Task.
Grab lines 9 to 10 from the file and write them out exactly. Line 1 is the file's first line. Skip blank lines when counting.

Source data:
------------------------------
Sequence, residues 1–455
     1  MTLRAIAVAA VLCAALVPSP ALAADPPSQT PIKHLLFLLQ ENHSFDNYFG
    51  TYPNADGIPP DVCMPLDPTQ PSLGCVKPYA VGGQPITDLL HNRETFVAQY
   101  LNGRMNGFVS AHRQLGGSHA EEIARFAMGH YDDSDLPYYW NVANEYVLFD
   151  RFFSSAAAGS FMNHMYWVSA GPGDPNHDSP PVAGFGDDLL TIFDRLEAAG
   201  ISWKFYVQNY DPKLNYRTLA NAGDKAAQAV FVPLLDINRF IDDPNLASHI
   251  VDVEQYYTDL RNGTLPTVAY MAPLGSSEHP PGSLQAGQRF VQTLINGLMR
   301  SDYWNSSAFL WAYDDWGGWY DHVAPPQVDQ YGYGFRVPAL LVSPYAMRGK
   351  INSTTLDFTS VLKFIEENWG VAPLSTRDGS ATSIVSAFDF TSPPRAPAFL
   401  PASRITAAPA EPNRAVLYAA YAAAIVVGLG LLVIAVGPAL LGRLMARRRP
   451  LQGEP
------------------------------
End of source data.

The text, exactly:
   351  INSTTLDFTS VLKFIEENWG VAPLSTRDGS ATSIVSAFDF TSPPRAPAFL
   401  PASRITAAPA EPNRAVLYAA YAAAIVVGLG LLVIAVGPAL LGRLMARRRP